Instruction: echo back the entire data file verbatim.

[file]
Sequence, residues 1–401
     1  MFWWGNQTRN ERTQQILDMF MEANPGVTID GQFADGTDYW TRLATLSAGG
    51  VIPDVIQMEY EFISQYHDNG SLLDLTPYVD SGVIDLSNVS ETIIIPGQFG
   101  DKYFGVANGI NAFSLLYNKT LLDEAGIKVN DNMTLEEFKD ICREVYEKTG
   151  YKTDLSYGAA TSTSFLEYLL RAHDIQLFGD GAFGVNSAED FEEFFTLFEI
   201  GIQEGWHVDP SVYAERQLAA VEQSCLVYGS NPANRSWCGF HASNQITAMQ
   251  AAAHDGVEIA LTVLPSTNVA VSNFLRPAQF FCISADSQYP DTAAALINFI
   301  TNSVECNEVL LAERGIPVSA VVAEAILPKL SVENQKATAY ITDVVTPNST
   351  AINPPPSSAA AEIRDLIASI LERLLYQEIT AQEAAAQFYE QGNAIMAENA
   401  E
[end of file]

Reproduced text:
Sequence, residues 1–401
     1  MFWWGNQTRN ERTQQILDMF MEANPGVTID GQFADGTDYW TRLATLSAGG
    51  VIPDVIQMEY EFISQYHDNG SLLDLTPYVD SGVIDLSNVS ETIIIPGQFG
   101  DKYFGVANGI NAFSLLYNKT LLDEAGIKVN DNMTLEEFKD ICREVYEKTG
   151  YKTDLSYGAA TSTSFLEYLL RAHDIQLFGD GAFGVNSAED FEEFFTLFEI
   201  GIQEGWHVDP SVYAERQLAA VEQSCLVYGS NPANRSWCGF HASNQITAMQ
   251  AAAHDGVEIA LTVLPSTNVA VSNFLRPAQF FCISADSQYP DTAAALINFI
   301  TNSVECNEVL LAERGIPVSA VVAEAILPKL SVENQKATAY ITDVVTPNST
   351  AINPPPSSAA AEIRDLIASI LERLLYQEIT AQEAAAQFYE QGNAIMAENA
   401  E